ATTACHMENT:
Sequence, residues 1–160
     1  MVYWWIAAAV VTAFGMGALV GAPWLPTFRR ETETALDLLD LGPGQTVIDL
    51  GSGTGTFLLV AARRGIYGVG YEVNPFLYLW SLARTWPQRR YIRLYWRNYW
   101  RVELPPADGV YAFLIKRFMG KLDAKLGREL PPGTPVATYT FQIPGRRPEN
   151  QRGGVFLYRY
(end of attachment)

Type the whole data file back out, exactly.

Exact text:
Sequence, residues 1–160
     1  MVYWWIAAAV VTAFGMGALV GAPWLPTFRR ETETALDLLD LGPGQTVIDL
    51  GSGTGTFLLV AARRGIYGVG YEVNPFLYLW SLARTWPQRR YIRLYWRNYW
   101  RVELPPADGV YAFLIKRFMG KLDAKLGREL PPGTPVATYT FQIPGRRPEN
   151  QRGGVFLYRY